Multifactorial experiments on winter barley cv. Igri grown after potatoes were made from 1981 to 1983 on silty clay loam soils at Rothamsted. All tested combinations of seven factors, each at two levels: with and without autumn pesticide (aldicarb), two sowing dates (September or October), with and without a fungicidal seed treatment (‘Baytan’), with and without spring and summer fungicides, two amounts of nitrogen, two times of applying nitrogen and with and without a growth regulator (‘Terpal’). Growth, development, yield, nitrogen uptake, pests and diseases were monitored. Sowing in September, fungicide sprays in spring and summer, and the growth regulator had the largest mean benefits on grain yield (+0·80, +0·56 and +0·34 t/ha respectively). Some factors interacted with sowing date; thus aldicarb, the fungicide sprays in spring and summer and the later timing of N all increased yield more on the September-than on the October-sown barley. The larger yields on the September-sown plots were associated with more ears/m2 (978 v. 744) and, in spite of fewer grains per ear (17·8 v. 20·1), more grains per m2 (17·6 v. 14·7 × 103), but lighter grains (39·2 v. 42·3 mg). The largest yields each year (ca. 8.0–8.5 t/ha) were obtained from September-sown barley fully protected from pests and from pathogens in spring and summer and given N in April rather than in March.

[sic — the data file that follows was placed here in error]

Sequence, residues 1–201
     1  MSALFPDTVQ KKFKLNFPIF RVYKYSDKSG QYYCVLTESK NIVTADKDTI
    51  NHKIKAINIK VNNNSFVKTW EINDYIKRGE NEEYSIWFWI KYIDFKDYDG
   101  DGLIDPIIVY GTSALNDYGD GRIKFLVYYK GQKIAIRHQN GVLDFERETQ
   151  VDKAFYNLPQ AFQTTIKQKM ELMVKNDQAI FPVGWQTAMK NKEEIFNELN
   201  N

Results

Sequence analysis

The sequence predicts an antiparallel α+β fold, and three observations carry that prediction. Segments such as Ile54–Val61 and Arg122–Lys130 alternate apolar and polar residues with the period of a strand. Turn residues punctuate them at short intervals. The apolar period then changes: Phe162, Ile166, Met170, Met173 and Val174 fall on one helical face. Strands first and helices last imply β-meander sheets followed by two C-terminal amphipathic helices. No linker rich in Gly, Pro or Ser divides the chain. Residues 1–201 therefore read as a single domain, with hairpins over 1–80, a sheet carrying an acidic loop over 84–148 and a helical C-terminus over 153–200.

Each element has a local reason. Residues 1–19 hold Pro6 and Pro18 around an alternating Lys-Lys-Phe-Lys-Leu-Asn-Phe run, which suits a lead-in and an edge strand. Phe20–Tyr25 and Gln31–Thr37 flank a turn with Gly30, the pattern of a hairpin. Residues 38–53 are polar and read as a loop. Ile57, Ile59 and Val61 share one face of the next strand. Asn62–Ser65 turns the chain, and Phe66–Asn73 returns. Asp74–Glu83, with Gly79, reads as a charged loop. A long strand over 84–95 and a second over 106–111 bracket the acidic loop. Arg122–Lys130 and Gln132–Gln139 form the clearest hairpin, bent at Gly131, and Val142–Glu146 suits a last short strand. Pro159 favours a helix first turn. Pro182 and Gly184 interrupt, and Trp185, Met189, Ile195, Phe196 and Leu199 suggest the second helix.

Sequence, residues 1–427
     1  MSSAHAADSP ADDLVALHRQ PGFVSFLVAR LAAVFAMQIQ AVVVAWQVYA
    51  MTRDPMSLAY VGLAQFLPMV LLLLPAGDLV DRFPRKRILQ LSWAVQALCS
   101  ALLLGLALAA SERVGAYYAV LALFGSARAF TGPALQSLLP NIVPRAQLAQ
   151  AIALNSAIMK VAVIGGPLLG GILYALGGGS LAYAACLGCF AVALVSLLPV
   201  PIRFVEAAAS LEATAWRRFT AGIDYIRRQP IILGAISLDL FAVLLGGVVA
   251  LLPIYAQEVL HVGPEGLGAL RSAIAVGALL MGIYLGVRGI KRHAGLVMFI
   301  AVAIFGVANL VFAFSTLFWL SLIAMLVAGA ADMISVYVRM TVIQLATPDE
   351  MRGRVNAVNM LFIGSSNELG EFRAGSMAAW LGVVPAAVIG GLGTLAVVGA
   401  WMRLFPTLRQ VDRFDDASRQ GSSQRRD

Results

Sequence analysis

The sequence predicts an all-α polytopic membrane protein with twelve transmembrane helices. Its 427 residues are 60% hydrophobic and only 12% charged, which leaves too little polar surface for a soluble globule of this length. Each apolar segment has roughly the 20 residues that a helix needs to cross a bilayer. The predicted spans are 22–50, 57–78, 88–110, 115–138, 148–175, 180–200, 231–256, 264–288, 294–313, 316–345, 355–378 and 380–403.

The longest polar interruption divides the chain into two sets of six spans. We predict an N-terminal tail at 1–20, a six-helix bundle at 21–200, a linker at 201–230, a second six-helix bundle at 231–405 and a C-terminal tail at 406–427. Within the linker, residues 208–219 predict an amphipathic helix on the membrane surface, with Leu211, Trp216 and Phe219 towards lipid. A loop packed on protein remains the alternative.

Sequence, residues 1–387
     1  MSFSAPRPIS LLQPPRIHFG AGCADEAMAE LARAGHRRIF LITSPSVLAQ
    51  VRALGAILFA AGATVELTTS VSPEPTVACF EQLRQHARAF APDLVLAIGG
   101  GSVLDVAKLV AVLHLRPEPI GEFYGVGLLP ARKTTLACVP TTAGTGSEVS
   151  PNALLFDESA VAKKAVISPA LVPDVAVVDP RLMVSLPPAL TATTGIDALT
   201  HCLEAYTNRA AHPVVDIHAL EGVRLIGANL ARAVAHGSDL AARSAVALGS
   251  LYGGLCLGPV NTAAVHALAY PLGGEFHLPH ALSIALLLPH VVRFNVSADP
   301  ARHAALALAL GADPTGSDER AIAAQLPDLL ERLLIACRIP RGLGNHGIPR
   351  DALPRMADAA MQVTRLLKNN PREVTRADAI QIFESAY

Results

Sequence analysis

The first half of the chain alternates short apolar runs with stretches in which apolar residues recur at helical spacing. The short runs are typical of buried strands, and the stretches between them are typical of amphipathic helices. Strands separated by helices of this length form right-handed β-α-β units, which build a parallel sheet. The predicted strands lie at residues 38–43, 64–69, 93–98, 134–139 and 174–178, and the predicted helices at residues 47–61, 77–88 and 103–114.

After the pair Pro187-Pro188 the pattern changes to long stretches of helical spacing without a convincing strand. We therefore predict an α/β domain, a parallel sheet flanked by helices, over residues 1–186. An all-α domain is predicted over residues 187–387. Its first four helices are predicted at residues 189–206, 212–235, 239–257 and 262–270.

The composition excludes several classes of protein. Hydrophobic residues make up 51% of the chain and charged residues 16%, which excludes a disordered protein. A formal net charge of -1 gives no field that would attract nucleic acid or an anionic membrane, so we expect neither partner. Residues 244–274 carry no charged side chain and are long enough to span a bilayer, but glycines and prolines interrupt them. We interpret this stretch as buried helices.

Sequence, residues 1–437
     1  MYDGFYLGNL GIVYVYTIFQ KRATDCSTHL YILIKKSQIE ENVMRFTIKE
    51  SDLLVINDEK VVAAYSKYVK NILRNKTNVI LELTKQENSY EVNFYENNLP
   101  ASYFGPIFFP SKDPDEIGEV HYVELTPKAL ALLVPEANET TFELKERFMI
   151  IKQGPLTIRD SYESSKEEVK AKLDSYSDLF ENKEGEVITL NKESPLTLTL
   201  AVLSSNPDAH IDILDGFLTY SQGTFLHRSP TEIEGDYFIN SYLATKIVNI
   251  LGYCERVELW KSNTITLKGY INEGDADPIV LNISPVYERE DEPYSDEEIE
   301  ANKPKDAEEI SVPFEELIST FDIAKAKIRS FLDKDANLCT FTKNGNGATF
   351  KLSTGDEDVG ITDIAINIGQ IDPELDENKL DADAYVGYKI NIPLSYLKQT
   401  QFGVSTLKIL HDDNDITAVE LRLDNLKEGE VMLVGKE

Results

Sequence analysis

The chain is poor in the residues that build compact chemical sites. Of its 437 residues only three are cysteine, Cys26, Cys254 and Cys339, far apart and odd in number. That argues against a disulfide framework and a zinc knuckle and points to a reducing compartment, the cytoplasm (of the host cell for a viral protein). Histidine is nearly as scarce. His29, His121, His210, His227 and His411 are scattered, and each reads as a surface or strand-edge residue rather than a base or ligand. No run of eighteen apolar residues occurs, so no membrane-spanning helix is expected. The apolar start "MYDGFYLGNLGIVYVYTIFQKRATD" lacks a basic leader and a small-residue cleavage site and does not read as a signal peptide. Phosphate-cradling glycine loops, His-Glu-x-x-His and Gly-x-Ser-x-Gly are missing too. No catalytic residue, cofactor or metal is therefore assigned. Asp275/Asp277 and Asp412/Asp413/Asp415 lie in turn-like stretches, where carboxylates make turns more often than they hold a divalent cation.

The aphid vectors of barley yellow dwarf virus were sufficiently common and infective in two of the three autumns to infect the September-sown barley sufficiently that their control by aldicar b enhanced yield. Nematodes, slugs and dipterous stem borers were not numerous enough to be damaging in any year. Mildew in autumn was controlled by the seed treatment, but effects on yield were inconsistent. Mildew in spring and summer was more abundant on the October-than on the September-sown barley; it was controlled by fungicide sprays, which increased yield significantly each year. Leaf blotch was more abundant on the September-sown barley.